Council Issues Budget Statement
Significant increases in inflation, energy costs and fuel prices are placing unprecedented pressure on council budgets in Ards
and North Down.
These factors are being further compounded by interest rate rises, public sector pay rises and uncertainty around future government funding due to the NI Executive’s budget deficit.
Elected Members have been advised of how these factors are making financial planning exceptionally difficult for the 2023/24 year. They have challenged officers to identify savings of more than £4M in next year’s budget to help offset some of the substantial rate rise that will be required for the Council to remain financially stable.
It is recognised that the position could worsen if further pressures arise.
Commenting on the situation Simon Christie, Director of Finance and Performance, said: "When our budget for the current financial year was approved in February, we were concerned about managing the ongoing impact of the pandemic. This issue has now been eclipsed by the impact of extremely high and rapid inflation, energy costs and wages, all of which are already significantly above our current budgets. This is further exacerbated by continued upward pressure on waste collection and disposal costs.
Simon added: "We have worked hard to introduce efficiencies and build financial resilience and so to strengthen our financial position as a council, but without additional government funding we will have to make some very difficult decisions. We must plan for the worst while doing everything we can to get more support from government."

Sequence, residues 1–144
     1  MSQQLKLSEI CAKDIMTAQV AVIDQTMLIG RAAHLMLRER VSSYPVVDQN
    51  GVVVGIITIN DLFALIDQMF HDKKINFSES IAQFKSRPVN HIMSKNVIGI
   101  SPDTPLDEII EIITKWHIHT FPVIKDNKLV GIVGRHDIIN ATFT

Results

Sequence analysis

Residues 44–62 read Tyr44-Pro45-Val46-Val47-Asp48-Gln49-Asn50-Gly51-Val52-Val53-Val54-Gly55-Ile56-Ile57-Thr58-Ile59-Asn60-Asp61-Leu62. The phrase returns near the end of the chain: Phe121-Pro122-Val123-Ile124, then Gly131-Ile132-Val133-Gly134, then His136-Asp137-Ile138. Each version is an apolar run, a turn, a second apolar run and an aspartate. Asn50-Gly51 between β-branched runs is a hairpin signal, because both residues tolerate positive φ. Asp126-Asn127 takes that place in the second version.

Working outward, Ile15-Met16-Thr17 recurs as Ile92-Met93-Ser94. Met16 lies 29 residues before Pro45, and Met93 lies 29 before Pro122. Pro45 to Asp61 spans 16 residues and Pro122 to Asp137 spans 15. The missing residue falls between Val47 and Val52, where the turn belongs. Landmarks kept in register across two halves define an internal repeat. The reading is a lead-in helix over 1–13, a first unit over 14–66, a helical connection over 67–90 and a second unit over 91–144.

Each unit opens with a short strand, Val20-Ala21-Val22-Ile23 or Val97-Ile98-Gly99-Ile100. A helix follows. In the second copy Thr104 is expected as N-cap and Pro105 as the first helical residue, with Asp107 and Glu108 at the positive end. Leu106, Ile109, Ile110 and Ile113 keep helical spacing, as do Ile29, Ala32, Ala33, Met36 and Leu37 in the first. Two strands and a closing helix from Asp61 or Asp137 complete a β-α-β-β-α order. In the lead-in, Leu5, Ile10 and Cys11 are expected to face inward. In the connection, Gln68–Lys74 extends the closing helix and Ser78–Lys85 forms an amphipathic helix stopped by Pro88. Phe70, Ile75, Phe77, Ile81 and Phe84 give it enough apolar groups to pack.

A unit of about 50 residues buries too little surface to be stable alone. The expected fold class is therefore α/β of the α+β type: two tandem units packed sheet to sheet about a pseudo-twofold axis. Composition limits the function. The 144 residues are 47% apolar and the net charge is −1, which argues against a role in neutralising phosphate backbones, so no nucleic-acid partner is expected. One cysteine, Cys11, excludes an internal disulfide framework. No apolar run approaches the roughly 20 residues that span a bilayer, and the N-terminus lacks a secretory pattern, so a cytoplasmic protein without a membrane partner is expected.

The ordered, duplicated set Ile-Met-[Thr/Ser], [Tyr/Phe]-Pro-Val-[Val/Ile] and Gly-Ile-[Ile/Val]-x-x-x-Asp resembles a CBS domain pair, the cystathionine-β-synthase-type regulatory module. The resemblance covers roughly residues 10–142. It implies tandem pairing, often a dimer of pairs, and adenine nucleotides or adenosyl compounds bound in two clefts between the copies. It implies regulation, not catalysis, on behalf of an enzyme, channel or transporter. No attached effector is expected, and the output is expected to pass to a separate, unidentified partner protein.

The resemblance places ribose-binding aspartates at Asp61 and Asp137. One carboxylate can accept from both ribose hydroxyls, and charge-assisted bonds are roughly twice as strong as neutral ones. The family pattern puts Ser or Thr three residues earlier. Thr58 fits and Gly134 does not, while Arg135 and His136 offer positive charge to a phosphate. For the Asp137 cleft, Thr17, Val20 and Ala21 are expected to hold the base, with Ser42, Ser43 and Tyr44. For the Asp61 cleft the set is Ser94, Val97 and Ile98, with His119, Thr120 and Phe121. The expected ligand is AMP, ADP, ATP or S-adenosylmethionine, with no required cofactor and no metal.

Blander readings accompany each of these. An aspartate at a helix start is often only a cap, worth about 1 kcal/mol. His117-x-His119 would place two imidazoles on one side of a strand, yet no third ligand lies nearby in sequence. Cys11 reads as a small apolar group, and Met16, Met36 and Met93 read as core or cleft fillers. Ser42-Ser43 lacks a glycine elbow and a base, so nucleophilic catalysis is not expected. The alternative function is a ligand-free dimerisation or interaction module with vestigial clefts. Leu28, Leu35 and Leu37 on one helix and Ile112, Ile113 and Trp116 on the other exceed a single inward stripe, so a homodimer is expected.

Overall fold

The Northern Ireland Local Government Association has written to the Secretary of State to outline the challenges facing the sector and to call for additional resources for NI councils, so they can continue to deliver critical services to local communities. Measures were introduced for England, as part of the Chancellor’s Autumn Statement, that will assist with reducing business rates. As a sector, we continue to lobby for similar and other support measures to be introduced here.
The Council is currently scrutinising all options to drive expenditure down. This includes approving only essential recruitment, reviewing service provision and operations, opening hours of all facilities, energy-saving initiatives, deferring expenditure where possible and reviewing capital projects. With inflation continuing to run at over 10%, increasing fees and charges for the use of some leisure and community facilities will also be examined.
Due to the speed at which the cost-of-living crisis has arisen, the Council is having to significantly deplete its reserves in this financial year to manage the current financial deficit. This is unsustainable beyond the current year, meaning a significant rate rise is inevitable in 2023-24.
Mayor of Ards and North Down, Councillor Karen Douglas said: “We know that households across Northern Ireland are facing huge financial challenges this winter. Rising prices make this a cost-of-living catastrophe for many residents and businesses. With a large proportion of Council budgets spent on pay, energy and waste, we are facing multimillion-pound impacts. Cost increases are likely to exceed £9-10M per annum. We do not want to put further pressure on residents with a substantial rate increase so we will do everything possible to try and offset the cost pressures we are facing by delivering significant savings.
“We are committed to continuing to deliver for our communities but, as the cost of doing this rises and our funding fails to keep pace, we do face tough choices with potential service impacts in the 2023/24 year. We hope that the public will be understanding of the need to make changes for a year to navigate the current pressures.”
The situation is not unique to Ards and North Down. The Local Government Association has warned that NI councils are facing a collective funding gap of £90M in the current financial year just to maintain services at pre-COVID levels. This gap will worsen going into 2023/24.
Please note: rates bills in Northern Ireland are made up of two parts; the regional rate, which is set by central government, and the district rate that is fixed annually by individual councils. The likely percentage rise in the regional rate is as yet unknown.